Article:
20. •Private equity’s ―golden age‖ of low interest rates, abundant leverage, mega-deal making and effortless returns is over, and will not soon return. Global PE investments sank to a level not seen since the last downturn. All regions and industry sectors suffered. •The dynamics underlying the decline differed by region. In North America and Europe, economic uncertainty and frosty debt conditions constrained deal making. In emerging markets, the massive dislocation of value brought about by declining economic growth and tumbling equity markets led to a mismatch of buyer and seller expectations. In both regions, the rapid rebound of equity markets did not give valuation anddeal multiples achanceto reset. •PE firms readjusted their investment focus to the opportunities 2009 presented, favoring carve- outs, growth equity, acquisition finance, balance-sheet restructuringsand distressed debt investments. •Fund-raising declined across all major PE asset classes and was weak in every region. Despite their continued commitment to PE, the ―denominator effect‖ and the paucity of PE distributions squeezed LPs’ liquidity and impaired their ability to commit to new funds. •The downturn forced significant markdowns in portfolio valuations, causing short-term PE returns to declineby double digits; recent vintageswere hit hardest. •Leading PE firms that laid the groundwork during the downturn should be positioned well for market conditionsin 2010 and beyond. Key takeaways from Private Equity Industry 20
  21. Countriesin the fire zonearelikely to facesevereeconomic pressures asthey increasepublic debt to greater than 90% over the next few years, which will in turn stall growth Imagine earning $100 to pay $90-110 rupees as interest on debt…. BIG SHIFTS: Increase in Public debt might trigger another crisis 21
  22. BIG SHIFTS: World Wealth Status- Gradual Shift happening to Asia 22
  23. The spectre of deleveraging has been haunting the global economy since the credit crunch reached crisis proportions in 2008. The fear: an unwinding of unsustainable debt burdens will drag down growth rates for years to come. Sofar, reality hasbeen more benign, with economic growth recovering sooner than expected in some countries, even though the financial sector is still cleaning up its balance sheets and consumer demand remainsweak. The deleveraging process may just be getting under way and is likely to exert a significant drag on GDP What’s more, analysis of deleveraging episodes since 1930 shows that virtually every major financial crisisafter World War II was followed by a prolonged period in which the ratio of total debt to GDP declined significantly. The one exception was Japan, whose bursting asset bubbles in the early 1990stouched off afinancial crisis followed by many years... BIG SHIFTS: Debt and Deleveraging (1/3) 23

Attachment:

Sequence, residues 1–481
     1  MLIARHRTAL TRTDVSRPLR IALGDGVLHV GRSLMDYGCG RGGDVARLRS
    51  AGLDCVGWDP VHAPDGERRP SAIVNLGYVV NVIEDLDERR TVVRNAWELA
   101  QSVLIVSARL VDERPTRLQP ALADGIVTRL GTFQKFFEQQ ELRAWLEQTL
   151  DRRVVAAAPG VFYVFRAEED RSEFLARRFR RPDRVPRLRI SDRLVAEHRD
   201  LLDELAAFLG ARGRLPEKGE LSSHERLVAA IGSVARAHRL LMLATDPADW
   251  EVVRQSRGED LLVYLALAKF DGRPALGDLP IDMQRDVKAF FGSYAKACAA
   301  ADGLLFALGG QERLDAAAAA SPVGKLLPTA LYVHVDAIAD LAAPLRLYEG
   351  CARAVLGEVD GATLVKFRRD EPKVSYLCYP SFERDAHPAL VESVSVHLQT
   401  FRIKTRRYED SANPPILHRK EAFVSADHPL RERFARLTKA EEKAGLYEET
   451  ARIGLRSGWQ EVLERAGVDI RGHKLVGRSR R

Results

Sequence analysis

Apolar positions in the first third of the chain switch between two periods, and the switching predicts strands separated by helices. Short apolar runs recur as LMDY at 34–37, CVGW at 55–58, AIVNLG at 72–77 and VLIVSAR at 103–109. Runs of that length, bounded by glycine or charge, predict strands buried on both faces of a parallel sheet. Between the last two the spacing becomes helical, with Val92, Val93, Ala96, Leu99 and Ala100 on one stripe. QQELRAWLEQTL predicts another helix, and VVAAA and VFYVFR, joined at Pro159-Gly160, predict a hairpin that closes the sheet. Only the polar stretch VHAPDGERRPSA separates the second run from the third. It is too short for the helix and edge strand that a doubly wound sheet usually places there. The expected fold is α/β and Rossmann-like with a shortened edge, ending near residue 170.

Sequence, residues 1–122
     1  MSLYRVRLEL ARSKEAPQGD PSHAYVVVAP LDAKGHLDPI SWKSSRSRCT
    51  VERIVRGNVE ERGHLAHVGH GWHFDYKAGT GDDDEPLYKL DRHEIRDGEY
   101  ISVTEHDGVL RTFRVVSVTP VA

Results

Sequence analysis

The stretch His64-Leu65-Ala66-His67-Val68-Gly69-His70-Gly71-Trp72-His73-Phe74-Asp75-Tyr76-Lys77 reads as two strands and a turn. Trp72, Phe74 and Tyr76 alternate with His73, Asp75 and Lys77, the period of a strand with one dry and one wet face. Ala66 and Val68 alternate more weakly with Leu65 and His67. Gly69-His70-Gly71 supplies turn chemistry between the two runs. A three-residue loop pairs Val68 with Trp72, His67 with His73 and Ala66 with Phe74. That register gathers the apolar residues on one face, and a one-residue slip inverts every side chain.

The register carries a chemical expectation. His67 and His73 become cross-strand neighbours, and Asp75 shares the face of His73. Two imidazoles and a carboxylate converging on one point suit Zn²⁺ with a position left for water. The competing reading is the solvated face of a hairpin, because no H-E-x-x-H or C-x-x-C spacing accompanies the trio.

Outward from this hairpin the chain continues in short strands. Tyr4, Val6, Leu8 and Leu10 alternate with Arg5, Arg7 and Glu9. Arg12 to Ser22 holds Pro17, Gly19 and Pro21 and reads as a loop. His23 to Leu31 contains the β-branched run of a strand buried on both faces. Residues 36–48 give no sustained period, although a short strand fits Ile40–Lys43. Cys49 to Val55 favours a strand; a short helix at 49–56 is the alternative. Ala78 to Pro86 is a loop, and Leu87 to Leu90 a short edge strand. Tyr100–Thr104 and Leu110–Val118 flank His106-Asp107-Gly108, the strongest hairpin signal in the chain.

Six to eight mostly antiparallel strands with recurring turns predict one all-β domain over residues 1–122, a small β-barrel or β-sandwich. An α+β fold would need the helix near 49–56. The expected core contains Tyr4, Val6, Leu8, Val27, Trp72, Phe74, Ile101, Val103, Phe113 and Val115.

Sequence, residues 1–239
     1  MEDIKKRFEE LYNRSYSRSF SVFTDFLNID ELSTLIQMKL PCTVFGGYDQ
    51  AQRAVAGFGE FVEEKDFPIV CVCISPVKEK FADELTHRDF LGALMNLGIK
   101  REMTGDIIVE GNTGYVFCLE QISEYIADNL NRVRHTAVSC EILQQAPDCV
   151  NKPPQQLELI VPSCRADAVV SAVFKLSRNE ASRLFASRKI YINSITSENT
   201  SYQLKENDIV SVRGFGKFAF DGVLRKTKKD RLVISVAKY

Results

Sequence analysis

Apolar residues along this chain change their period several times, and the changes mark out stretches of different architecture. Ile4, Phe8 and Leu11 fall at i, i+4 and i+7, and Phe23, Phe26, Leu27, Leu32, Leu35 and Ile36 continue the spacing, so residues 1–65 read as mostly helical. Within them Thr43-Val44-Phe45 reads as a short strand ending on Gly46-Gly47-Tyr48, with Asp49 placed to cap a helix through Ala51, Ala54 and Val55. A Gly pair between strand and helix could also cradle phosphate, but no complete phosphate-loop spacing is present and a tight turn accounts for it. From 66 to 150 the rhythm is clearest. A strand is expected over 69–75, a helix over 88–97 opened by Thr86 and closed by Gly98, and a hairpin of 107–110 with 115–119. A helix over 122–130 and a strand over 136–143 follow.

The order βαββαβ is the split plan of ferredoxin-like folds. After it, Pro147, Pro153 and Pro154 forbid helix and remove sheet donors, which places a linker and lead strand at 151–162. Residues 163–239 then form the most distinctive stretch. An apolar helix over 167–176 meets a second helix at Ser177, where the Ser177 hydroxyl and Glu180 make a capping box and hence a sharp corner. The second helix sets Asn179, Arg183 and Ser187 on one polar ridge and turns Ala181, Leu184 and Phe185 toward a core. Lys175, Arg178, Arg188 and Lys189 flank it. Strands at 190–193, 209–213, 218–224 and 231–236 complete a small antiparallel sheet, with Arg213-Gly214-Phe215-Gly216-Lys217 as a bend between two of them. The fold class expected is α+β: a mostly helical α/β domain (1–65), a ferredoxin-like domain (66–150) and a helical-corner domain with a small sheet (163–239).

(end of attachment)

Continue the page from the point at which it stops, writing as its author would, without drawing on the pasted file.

24. BIG SHIFTS: Debt and Deleveraging (2/3) 24
  25. BIG SHIFTS: Debt and Deleveraging (3/3) 25
  26. China Hong Kong India Indonesia Philippines Korea Malaysia Thailand Singapore Taiwan 0 2,000 4,000 11,000 13,000 19,000 22,000 * Assessment including key product penetration (credit card, life insurance), openness to foreign banks, market consolidation, financial stock per€capita ** Financial stock includes bank deposits, government and corporate debt and equity Sources: MGI; WMM; maturity* GDP per capita, 2009 Medium Low Vietnam Mature market with high penetration of banking and insurance products different Size of 2009 financial stock** Degree of market High Emerging fast-growing markets with under-developedbanking sectors; growth driven by product penetration and increase of bankable population Transition markets with fast maturingmarket structure and fast growth Asia is not a homogeneous region; it consists of markets at stages of development Consumer Credit Markets- ASIA 26
  27. 27 Asia’s population(Some countries) is aging rapidly … 200 1 202 1 205 1 10 working adults* support 1 retiree** 6 working adults* support 1 retiree** 3 working adults* support 1 retiree** * Working adults are adults from 15 to 64 years old ** Retirees are adults 65 years old and above Sources: Data up to 2021 from Asian Demographics; data for 2051 from Firm estimates Population over 65 years old % 20 16 7 20 15 7 14 5 9 10 14 20 2021E2001 Singapore Need for retirement investment increases with time Hong Kong India Taiwan Korea China which will create pension-related wealth management opportunities
  28. Important banking trends for Asia (1/2) 1. Asia is fragmented, and markets have distinct characteristics: Asia is not one homogeneous market, but rather afragmented region of independent markets at different stagesof development. 2. The bulk of Asia’s growth will come from a few large markets, though selected smaller markets have high growth rates: China, India, Korea, and Taiwan account for 80% of the financial assets in Asia (excluding Japan) and will be key growth drivers. However, smaller markets such as Vietnam and Indonesia areexpected to grow rapidly. 3. Consolidation is happening at varying paces across the region: Malaysia, Korea, and Thailand have madegood progressin banking consolidation, while countries likeTaiwan arestill highly fragmented. 4. Persistent boom-bust cycles have been observed in the capital markets: Historically, the growth of Asia’scapital markets hasnot been linear; the region islikely to faceboom-bust cycles in the future. 5. Large and profitable pan-Asian foreign franchises have emerged: Citibank, HSBC, Standard Chartered, and GE Capital have created material Asian franchiseswith a median share of 1.7% in active Asian markets and 40%-50% PBT marginsin 2009. 6. New local “empowered” players are seeking regional and global growth: Many local market leaders aregoing beyond their homemarkets (e.g., DBS,ICBC, CCB, Chinatrust, Kookmin, CIMB, OCBC). 7. Rapid influx of new bankable customers in large markets (China, Indonesia, and India): Approximately 600mn new―bankable‖ customerswill enter the market in the next 5-10 years. 28